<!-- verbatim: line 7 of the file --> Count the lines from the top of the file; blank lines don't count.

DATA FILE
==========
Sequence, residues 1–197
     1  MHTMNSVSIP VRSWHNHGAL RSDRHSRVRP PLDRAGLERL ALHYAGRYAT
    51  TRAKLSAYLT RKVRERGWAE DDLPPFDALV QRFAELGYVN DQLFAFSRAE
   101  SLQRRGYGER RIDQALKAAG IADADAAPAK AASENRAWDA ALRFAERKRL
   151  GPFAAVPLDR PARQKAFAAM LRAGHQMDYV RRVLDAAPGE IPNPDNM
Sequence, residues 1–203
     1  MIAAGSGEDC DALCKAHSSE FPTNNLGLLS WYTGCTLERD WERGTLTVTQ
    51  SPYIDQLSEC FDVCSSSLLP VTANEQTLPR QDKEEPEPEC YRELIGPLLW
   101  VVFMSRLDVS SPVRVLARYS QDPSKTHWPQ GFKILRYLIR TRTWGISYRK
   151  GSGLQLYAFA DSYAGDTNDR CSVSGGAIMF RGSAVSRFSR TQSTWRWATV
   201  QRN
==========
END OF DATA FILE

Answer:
     1  MIAAGSGEDC DALCKAHSSE FPTNNLGLLS WYTGCTLERD WERGTLTVTQ